Re-Organizing Public Diplomacy: A Different Viewpoint
Congressionally-mandated United States (US) Advisory Group on Public Diplomacy in the Arab and Muslim World was unanimous in its recommendation that the US government must have a White House-level focal point. I share the majority view that we should not try to reconstitute the US Information Agency (although the case was made). But I do not believe our report’s proposed Special Counselor to the President with a “small” secretariat staff in the White House and a citizen “expert” advisory board modeled after the President’s Foreign Intelligence Advisory Board will be sufficient to “shake up the house” and better leverage already scarce resources to meet America’s ongoing public diplomacy challenges.
The US Agency for International Development (USAID) and the Department of Defense now dwarf the State Department in money spent promoting democracy, building civil societies, educational fellowships, exchanges and other activities critical to the public diplomacy mission to inform, constructively engage, and influence the world beyond our borders. Many others such as Commerce, Justice, Treasury, Agriculture, Export-Import Bank and the Peace Corps also participate in significant public diplomacy related programs abroad. Today, more often than not, the only real coordination of these resources is at the Embassy level in “country team” meetings where the Ambassador’s staff attempts to coordinate, post facto, the agency initiatives involving their host country.
In order to better leverage the already woefully under-funded public diplomacy activities spread among diverse agency programs and to maximize new resource synergies, I propose the establishment of an ongoing White House-based focal point—but one with substantive resources to back it up, similar in structure to the Office of the US Trade Representative (USTR). Unlike the ever-changing Counselor positions, a new Office of US Public Diplomacy, Education and Exchange (USPDEE) would have Cabinet or sub-Cabinet rank AND the clout of legislation needed to maintain a top-flight cadre of professional staff over the long term. Like USTR, a USPDEE would be legislatively empowered to provide top-level interagency leadership beyond coordination without attempting to overly centralize activities and expertise now residing in diverse agencies and budgets. In order to expedite White House-level attention to this strategically critical area, I further recommend that the new Under Secretary for Public Diplomacy serve on an interim basis in both the Under Secretary and the USPDEE positions until appropriate legislation and resource allocations and re-allocations can be made.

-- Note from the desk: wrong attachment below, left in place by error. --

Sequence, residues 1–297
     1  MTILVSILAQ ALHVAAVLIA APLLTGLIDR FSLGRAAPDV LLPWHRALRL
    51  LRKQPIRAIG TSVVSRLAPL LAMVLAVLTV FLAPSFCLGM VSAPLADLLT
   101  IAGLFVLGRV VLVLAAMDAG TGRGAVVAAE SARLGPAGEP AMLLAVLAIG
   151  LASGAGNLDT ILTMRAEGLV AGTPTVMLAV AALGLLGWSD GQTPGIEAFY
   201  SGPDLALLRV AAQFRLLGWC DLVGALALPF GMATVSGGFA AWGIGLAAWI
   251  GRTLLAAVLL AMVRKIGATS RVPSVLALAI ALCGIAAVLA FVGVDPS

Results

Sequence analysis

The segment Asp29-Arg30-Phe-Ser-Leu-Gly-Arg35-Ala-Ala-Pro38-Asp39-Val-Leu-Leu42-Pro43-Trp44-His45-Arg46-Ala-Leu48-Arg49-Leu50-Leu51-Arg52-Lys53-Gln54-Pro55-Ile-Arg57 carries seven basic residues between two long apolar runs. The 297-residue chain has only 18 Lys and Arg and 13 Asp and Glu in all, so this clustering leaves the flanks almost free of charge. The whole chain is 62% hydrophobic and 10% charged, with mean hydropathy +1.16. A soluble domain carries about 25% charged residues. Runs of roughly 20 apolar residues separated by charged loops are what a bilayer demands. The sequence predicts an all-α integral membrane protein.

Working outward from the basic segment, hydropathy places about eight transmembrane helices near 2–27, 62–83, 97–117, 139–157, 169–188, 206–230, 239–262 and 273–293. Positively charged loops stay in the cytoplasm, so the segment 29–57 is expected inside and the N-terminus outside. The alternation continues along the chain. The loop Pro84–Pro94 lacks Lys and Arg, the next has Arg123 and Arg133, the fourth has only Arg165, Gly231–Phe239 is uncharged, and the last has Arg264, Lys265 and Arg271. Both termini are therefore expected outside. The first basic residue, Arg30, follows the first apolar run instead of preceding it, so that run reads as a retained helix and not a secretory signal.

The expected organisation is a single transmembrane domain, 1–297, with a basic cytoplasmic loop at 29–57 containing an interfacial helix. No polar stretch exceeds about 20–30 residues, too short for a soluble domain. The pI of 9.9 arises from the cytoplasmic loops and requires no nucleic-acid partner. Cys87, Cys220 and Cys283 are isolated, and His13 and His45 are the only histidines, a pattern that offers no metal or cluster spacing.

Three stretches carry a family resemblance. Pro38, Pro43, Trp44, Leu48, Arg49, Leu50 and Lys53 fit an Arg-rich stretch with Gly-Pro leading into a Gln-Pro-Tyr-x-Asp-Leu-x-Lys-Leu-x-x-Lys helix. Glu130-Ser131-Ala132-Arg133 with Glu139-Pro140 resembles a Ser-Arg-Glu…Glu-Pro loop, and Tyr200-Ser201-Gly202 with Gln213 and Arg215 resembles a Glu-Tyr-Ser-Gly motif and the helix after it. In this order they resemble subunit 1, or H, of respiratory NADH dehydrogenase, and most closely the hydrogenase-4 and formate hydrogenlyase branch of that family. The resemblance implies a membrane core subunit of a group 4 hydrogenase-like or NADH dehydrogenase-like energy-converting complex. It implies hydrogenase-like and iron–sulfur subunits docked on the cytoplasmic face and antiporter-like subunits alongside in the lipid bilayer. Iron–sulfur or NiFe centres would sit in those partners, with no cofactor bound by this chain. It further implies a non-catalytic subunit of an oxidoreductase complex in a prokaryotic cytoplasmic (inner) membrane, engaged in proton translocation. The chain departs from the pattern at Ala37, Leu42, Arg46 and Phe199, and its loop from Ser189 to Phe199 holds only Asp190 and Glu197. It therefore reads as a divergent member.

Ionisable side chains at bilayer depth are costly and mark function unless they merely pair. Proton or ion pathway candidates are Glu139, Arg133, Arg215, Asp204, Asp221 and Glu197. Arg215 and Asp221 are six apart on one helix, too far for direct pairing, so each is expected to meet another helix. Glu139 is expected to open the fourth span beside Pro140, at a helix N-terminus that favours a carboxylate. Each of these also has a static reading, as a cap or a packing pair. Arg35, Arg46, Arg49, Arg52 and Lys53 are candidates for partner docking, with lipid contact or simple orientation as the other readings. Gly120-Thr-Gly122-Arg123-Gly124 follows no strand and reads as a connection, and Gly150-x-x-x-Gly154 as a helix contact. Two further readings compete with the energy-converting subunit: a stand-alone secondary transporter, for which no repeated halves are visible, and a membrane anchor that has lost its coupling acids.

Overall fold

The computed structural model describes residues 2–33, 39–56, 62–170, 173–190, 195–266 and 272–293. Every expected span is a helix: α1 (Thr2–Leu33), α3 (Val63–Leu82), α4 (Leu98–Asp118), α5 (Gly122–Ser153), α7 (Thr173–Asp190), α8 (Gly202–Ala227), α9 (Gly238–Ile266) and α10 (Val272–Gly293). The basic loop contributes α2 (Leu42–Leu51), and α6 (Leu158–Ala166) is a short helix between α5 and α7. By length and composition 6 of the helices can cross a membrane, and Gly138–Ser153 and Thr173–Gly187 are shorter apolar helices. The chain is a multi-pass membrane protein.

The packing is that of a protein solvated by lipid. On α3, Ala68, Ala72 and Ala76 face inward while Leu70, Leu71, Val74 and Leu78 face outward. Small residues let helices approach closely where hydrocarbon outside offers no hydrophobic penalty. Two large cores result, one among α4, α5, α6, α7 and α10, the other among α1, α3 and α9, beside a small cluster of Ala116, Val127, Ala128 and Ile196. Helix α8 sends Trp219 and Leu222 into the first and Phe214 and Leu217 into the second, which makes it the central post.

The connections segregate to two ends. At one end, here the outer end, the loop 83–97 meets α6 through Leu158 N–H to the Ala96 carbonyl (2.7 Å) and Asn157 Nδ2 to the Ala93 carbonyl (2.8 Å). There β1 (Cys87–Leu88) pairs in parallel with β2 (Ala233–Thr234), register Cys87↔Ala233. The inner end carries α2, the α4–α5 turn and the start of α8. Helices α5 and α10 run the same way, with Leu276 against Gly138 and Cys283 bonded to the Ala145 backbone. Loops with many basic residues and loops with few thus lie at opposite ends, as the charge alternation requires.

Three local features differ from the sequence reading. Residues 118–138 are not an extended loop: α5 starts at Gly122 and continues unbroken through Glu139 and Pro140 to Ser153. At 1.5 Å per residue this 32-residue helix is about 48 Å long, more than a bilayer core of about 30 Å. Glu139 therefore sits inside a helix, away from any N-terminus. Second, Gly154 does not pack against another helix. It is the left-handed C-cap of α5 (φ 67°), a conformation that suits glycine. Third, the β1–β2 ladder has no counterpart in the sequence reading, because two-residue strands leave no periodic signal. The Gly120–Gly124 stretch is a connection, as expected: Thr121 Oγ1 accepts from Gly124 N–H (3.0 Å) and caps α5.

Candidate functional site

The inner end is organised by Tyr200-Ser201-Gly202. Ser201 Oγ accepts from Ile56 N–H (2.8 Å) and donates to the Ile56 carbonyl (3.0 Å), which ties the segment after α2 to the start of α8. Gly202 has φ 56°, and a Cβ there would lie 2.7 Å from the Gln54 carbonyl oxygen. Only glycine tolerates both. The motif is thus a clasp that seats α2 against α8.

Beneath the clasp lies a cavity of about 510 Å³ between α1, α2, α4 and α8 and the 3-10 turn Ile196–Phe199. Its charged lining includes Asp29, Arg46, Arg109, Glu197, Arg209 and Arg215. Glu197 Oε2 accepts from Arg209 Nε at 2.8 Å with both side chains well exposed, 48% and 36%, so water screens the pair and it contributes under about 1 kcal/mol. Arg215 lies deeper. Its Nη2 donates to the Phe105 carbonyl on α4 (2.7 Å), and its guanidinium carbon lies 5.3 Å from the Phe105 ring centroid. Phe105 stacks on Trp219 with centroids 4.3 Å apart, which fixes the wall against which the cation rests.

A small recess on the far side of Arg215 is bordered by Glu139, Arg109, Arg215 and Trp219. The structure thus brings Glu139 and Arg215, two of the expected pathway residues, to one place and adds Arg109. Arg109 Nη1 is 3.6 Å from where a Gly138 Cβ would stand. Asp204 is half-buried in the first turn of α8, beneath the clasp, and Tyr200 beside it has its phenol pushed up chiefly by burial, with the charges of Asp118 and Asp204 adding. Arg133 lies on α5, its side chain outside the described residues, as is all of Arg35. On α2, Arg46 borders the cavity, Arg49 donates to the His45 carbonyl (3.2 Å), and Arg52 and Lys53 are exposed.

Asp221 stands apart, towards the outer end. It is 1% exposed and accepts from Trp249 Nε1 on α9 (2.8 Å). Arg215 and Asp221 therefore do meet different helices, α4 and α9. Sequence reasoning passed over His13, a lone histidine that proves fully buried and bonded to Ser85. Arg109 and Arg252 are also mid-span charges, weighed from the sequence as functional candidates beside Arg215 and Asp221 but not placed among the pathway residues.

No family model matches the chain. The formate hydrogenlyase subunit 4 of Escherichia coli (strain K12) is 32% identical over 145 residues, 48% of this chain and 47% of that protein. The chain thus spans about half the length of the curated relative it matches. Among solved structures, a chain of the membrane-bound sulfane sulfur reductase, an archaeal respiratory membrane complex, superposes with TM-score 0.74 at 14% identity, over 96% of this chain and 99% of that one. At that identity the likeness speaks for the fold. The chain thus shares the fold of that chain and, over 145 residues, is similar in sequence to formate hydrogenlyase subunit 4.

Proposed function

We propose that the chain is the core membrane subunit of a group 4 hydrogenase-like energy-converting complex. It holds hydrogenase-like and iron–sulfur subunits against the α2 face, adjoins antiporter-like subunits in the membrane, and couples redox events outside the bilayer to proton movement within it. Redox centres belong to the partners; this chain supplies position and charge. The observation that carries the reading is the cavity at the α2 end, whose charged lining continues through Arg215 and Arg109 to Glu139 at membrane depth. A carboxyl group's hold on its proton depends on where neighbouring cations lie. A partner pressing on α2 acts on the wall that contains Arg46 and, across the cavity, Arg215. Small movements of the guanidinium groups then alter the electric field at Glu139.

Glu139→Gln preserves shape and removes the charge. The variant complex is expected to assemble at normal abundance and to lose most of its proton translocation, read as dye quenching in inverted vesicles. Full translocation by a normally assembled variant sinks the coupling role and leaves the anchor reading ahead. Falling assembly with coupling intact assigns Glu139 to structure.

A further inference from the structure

Note: Ambassador Dougan served on the US Advisory Group on Public Diplomacy for the Arab and Muslim World, which submitted its initial findings and recommendations to Congress on October 1, 2003.
Chair, Cyber Century Forum;
Senior Advisor, Center for Strategic and International Studies;
United States Coordinator for International Communications and and Information Policy, 1982-1988